Study and Theory/
Sabbath

What is Meant by – 'Welcoming the Shabbat'?

In its source 'Greeting the Shabbat' is part of a public prayer recited in synagogues. It includes psalms, chants and portions of the Talmud and the Zohar, recited when Shabbat sets in, between the prayers of Mincha and Maariv of Shabbat.

The roots of the custom may stem from the age of the Talmud: Rabbi Chanina would cover himself standing up at the arrival of Shabbat and would say, "Let us go out to greet the Shabbat Queen" and Rabbi Yanai would put on his Shabbat garments and say, "Come, bride, come bride".

(Talmud Bavli, Shabbat 119-1)

The welcoming of Shabbat as it is practiced nowadays has its source in Safed from the 16th century. At that time, the Ari and his students would cover themselves in white and would go out and welcome the Shabbat in the field, out of the city, in song and prayer.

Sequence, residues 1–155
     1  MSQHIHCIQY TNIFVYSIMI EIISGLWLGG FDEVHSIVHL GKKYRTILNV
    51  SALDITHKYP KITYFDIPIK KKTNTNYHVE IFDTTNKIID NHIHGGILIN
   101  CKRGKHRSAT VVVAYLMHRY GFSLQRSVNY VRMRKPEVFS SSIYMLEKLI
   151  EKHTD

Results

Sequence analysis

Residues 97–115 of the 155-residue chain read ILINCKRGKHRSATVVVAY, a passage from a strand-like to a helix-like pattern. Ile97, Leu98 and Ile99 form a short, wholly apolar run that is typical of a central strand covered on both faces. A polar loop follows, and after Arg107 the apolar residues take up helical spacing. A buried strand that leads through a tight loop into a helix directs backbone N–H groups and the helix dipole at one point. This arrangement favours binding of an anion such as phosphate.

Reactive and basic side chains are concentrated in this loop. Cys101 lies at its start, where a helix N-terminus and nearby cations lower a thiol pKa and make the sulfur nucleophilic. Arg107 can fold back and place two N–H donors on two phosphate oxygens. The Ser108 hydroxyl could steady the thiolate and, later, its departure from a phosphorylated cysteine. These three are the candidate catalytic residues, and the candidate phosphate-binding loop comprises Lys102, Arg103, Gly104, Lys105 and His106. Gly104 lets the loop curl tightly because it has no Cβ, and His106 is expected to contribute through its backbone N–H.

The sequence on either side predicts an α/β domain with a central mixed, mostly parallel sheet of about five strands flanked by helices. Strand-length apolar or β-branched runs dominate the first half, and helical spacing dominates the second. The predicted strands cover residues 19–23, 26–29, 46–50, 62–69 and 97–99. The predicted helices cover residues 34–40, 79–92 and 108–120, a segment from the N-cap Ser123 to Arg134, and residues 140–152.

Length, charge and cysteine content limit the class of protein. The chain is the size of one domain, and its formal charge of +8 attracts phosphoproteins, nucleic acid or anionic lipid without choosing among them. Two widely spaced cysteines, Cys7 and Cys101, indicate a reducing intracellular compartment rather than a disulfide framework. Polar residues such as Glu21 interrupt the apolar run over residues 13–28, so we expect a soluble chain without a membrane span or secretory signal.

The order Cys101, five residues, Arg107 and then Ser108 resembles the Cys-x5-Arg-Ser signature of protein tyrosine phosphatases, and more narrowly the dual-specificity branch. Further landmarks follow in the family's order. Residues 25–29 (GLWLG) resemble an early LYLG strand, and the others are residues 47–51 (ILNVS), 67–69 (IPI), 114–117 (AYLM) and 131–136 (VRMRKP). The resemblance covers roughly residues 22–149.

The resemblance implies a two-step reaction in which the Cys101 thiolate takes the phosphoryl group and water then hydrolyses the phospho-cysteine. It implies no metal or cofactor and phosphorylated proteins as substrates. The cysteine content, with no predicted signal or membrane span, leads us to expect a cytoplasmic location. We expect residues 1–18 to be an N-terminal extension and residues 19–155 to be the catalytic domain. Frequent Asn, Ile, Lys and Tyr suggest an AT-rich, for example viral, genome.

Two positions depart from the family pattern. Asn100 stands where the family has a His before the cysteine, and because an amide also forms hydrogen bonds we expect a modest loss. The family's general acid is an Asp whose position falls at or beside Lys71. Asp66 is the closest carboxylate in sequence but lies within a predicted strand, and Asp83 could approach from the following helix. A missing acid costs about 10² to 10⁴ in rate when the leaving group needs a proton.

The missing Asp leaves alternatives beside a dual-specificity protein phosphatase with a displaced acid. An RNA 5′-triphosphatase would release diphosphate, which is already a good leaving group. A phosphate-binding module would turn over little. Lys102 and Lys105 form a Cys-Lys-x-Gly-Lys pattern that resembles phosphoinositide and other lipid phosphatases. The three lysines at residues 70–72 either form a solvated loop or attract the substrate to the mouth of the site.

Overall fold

The famous chant, 'Lecha Dodi' composed by Rabbi Shlomo Alkabetz is one of the special passages dedicated to the welcoming of Shabbat.

The custom of Safed was embraced by Ashkenazi communities and by most Sephardi communities. In some communities it is customary to precede the Shabbat Welcoming by reciting the 'Song of Songs'.

In kibbutz's and in non-observant Jewish communitys alternative 'Kabbalat Shabbat' traditions have ensued; these ceremonies of dedicating the Shabbat generally focus on the three primary symbols of welcoming the Shabbat: candle lighting, Kiddush on the fruit of the vine and the blessing over Challah. The ceremony includes also singing, music, reading passages, thoughts of the portion of the week, discussions and family or community shared events. Every community or group has devised and continues to formulate its ceremonies that reflect its philosophy, its values and its vision in a way that meets its needs.

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Chagim Center

Home for the Jewish Holidays

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